ICC Prosecution to close case against Ruto, Sang in 2015

Ruto-SangNAIROBI, Kenya, Dec 10 – The International Criminal Court (ICC) Prosecution is expected to close its case against Deputy President William Ruto and Journalist Joshua arap Sang in 2015.

According to Trial Chamber V (a) Presiding Judge Chile Eboe-Osuji the prosecution will be required to close its case within the trial sessions that kick off on January 16, 2015.

“In light of indication we have given to the prosecution that we want this case completed in those sessions already indicated for next year we will be holding a status conference immediately after the completion of Mr Garcia’s and Mr Khan’s examination,” he explained.

Ruto’s Lawyer Karim Khan is expected to complete his cross-examination on Thursday after which Trial Attorney Lucio Garcia for the prosecution will ask the 27th witness some questions.

Judge Eboe-Osuji indicated that the status conference will be held on Friday to discuss the next sessions of the trial against Ruto and Sang.

Since the trial against Ruto and Sang kicked off on September 10, 2013, 27 witnesses have testified.

Four of the witnesses testified under summons to appear after they recanted their evidence or said they were no longer willing to testify and withdrew their evidence.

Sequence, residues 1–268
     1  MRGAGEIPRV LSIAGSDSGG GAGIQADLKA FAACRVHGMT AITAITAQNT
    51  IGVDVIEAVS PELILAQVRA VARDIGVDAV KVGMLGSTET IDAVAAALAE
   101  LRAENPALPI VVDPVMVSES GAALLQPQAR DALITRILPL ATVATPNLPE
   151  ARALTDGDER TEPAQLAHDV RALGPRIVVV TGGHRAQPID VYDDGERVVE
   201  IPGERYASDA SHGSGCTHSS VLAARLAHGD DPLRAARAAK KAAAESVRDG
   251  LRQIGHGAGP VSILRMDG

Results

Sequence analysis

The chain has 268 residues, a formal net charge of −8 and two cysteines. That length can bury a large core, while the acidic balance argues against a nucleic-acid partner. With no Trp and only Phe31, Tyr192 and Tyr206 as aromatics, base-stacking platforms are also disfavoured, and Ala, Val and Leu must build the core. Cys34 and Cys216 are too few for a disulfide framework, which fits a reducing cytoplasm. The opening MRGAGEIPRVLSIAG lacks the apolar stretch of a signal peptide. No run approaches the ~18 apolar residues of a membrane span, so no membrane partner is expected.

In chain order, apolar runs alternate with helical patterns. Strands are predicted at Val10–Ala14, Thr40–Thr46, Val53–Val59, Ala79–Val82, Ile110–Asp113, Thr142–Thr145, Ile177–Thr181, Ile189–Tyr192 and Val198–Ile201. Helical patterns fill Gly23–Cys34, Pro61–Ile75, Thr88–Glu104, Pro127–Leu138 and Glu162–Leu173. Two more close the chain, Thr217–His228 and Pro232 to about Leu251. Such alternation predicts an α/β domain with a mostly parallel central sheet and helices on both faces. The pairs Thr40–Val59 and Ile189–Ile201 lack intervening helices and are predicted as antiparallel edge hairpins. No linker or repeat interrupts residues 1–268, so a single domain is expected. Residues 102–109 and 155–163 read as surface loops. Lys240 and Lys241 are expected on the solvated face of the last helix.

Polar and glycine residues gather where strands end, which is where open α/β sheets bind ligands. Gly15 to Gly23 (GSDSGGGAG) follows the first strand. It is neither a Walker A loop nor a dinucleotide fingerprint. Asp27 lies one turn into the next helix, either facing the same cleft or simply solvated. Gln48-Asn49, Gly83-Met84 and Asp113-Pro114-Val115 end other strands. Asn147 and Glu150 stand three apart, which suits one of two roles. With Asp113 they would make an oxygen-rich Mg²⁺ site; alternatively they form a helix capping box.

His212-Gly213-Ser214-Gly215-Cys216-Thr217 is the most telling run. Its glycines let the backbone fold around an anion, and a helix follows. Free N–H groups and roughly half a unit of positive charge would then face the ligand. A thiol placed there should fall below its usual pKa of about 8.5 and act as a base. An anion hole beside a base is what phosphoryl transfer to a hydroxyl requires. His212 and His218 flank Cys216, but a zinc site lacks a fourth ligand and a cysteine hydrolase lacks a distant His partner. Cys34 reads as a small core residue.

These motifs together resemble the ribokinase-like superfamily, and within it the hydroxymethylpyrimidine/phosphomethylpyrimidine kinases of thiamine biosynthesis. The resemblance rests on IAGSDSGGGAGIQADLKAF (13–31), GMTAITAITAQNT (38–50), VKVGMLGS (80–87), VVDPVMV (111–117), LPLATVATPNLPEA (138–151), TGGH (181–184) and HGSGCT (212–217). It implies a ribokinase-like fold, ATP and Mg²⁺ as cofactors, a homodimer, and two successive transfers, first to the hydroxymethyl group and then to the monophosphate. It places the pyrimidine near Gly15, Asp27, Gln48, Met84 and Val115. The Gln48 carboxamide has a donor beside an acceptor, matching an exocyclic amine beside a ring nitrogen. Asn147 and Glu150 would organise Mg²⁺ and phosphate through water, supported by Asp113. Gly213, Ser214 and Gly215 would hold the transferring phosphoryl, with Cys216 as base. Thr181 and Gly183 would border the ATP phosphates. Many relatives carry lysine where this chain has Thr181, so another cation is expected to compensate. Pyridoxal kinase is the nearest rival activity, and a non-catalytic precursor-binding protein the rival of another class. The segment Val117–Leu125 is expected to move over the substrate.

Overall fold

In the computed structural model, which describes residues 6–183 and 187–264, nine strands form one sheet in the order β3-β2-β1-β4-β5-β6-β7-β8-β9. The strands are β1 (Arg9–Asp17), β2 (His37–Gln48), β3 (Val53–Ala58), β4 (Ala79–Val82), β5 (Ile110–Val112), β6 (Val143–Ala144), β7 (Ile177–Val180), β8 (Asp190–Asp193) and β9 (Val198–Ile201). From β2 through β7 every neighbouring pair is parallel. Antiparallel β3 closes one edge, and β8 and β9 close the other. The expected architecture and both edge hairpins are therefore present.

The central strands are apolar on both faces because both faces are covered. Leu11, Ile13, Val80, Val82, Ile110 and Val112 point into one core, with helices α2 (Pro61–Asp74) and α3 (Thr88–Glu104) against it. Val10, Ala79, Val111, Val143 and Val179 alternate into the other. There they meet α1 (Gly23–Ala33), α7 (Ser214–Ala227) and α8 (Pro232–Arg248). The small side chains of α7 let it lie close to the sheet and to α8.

All the four witnesses appeared at the trial stage but recanted their primary testimonies given to the ICC investigators which saw them earn the title of ‘hostile’ witnesses.

Of the nine compelled to testify, the prosecution will inform the court if they will appear to give their evidence during next year’s trial sessions.

Once the prosecution close its case in which it has been presenting evidence to prove the criminal responsibility of Ruto and Sang for the crimes committed in the Rift Valley region during the 2007/2008 Post Election Violence, the defence teams will be invited to make final submissions.

However, judges of Trial Chamber V (a) allowed the two teams to file a motion of no-case-to-answer should they wish to do so.

With a motion of no-case-to-answer, means that the defence will not argue its case but will let the judges to make a decision based on evidence presented by the prosecution and their argument during cross examination as well as other applications made to the court regarding the case.

If there will be no motion of no-case-to-answer, the defence teams will then present their defence where they will be free to call their witnesses to counter the prosecutor’s allegations.


Comment on the article

This site uses Akismet to reduce spam. Learn how your comment data is processed.

This website uses cookies to improve your experience. We'll assume you're ok with this, but you can opt-out if you wish. Accept Read More

%d bloggers like this: